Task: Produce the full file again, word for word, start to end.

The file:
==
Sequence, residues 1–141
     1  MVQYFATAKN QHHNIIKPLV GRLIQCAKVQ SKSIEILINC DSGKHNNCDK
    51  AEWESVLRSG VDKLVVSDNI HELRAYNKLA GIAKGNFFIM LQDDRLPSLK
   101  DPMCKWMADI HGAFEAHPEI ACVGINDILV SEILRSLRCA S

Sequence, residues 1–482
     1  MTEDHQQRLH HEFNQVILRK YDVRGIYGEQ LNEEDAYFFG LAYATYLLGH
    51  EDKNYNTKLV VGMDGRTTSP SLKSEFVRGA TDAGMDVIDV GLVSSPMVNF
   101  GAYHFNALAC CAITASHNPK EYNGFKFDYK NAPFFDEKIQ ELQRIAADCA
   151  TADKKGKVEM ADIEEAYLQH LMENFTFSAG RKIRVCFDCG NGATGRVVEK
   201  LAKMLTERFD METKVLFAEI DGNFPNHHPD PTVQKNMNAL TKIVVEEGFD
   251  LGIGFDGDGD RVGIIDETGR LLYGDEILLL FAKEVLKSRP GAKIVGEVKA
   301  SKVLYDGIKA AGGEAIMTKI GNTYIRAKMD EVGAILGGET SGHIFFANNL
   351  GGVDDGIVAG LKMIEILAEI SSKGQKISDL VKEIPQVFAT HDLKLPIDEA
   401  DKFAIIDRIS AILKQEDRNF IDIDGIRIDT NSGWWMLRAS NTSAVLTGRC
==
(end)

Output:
Sequence, residues 1–141
     1  MVQYFATAKN QHHNIIKPLV GRLIQCAKVQ SKSIEILINC DSGKHNNCDK
    51  AEWESVLRSG VDKLVVSDNI HELRAYNKLA GIAKGNFFIM LQDDRLPSLK
   101  DPMCKWMADI HGAFEAHPEI ACVGINDILV SEILRSLRCA S

Sequence, residues 1–482
     1  MTEDHQQRLH HEFNQVILRK YDVRGIYGEQ LNEEDAYFFG LAYATYLLGH
    51  EDKNYNTKLV VGMDGRTTSP SLKSEFVRGA TDAGMDVIDV GLVSSPMVNF
   101  GAYHFNALAC CAITASHNPK EYNGFKFDYK NAPFFDEKIQ ELQRIAADCA
   151  TADKKGKVEM ADIEEAYLQH LMENFTFSAG RKIRVCFDCG NGATGRVVEK
   201  LAKMLTERFD METKVLFAEI DGNFPNHHPD PTVQKNMNAL TKIVVEEGFD
   251  LGIGFDGDGD RVGIIDETGR LLYGDEILLL FAKEVLKSRP GAKIVGEVKA
   301  SKVLYDGIKA AGGEAIMTKI GNTYIRAKMD EVGAILGGET SGHIFFANNL
   351  GGVDDGIVAG LKMIEILAEI SSKGQKISDL VKEIPQVFAT HDLKLPIDEA
   401  DKFAIIDRIS AILKQEDRNF IDIDGIRIDT NSGWWMLRAS NTSAVLTGRC